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 Bacteria offer insights into human decision making

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Date posted: 10/12/2009

Scientists studying how bacteria under stress collectively weigh and initiate different survival strategies say they have gained new insights into how humans make strategic decisions that affect their health, wealth and the fate of others in society.

Their study, published this week in the early online edition of the journal Proceedings of the National Academy of Sciences, was accomplished when the scientists applied the mathematical techniques used in physics to describe the complex interplay of genes and proteins that colonies of bacteria rely upon to initiate different survival strategies during times of environmental stress. Using the mathematical tools of theoretical physics and chemistry to describe complex biological systems is becoming more commonplace in the emerging field of theoretical biological physics.

The authors of the new study are theoretical physicists and chemists at the University of California, San Diego's Center for Theoretical Biological Physics, the nation's center for this activity funded by the National Science Foundation, and Tel Aviv University in Israel. They say that how genes are turned on and off in bacteria living under conditions of stress not only shed light on how complex biological systems interact, but provide insights for economists and political scientists applying mathematical models to describe complex human decision making.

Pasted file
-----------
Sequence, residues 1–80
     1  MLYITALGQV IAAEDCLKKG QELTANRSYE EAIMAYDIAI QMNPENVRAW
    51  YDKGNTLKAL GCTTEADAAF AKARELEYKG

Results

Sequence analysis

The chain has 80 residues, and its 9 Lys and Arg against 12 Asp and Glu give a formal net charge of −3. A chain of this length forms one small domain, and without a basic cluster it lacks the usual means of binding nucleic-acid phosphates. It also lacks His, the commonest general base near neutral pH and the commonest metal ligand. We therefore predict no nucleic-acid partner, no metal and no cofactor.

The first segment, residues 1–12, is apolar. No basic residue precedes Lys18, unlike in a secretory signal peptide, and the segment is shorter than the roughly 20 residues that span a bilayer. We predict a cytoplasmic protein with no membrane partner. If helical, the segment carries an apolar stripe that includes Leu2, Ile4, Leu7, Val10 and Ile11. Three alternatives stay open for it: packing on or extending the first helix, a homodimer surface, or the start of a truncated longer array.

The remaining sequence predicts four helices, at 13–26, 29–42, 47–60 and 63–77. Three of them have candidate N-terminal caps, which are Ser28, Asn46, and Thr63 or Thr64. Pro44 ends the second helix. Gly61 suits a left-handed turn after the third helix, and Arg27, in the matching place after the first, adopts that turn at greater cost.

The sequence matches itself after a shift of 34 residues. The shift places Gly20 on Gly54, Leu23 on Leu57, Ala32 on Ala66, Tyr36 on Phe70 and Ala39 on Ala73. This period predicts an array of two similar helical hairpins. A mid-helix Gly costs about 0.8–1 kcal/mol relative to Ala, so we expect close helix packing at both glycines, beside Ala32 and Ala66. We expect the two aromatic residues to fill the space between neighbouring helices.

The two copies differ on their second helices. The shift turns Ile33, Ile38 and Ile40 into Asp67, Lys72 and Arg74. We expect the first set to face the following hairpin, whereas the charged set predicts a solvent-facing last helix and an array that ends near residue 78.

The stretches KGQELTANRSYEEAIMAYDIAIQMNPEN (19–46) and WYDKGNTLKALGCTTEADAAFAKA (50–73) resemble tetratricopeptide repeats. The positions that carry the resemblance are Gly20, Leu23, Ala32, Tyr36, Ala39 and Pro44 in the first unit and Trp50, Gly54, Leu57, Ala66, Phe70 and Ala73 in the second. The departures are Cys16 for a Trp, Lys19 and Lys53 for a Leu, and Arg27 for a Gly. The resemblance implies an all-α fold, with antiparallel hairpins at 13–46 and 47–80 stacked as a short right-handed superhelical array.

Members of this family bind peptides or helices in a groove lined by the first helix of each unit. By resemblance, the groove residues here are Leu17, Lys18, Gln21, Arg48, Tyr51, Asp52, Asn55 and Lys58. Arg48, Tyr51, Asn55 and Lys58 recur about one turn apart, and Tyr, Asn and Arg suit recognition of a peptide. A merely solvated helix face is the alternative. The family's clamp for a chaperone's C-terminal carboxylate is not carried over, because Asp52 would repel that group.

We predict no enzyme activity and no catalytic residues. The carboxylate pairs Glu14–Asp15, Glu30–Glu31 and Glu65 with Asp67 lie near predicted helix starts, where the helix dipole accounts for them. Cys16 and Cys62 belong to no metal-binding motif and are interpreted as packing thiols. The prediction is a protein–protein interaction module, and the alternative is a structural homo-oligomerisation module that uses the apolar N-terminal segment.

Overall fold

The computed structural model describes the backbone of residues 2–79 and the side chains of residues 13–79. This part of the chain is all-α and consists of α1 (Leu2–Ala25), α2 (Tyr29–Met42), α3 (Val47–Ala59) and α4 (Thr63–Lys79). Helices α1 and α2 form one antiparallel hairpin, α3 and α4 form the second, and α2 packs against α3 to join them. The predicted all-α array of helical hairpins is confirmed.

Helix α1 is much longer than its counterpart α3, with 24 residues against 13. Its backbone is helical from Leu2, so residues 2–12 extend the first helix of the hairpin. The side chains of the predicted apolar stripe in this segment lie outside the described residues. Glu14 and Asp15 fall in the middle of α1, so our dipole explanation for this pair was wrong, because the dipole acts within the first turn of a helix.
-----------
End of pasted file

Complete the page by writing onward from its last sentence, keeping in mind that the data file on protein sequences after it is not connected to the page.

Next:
"Everyone knows the need to try to postpone important decisions until the last moment but apparently there are simple creatures that do it well and therefore can really teach us ? the bacteria," said Eshel Ben Jacob, a physics professor at Tel Aviv University and a fellow of the Center for Theoretical Biological Physics. He co-authored the study with three other scientists at the center: Jos? Onuchic, a professor of physics at UC San Diego and a co-director of the center, Peter Wolynes, a professor of physics and chemistry at UC San Diego and Daniel Schultz, a postdoctoral researcher at UC San Diego.

See the full Story via external site: www.physorg.com



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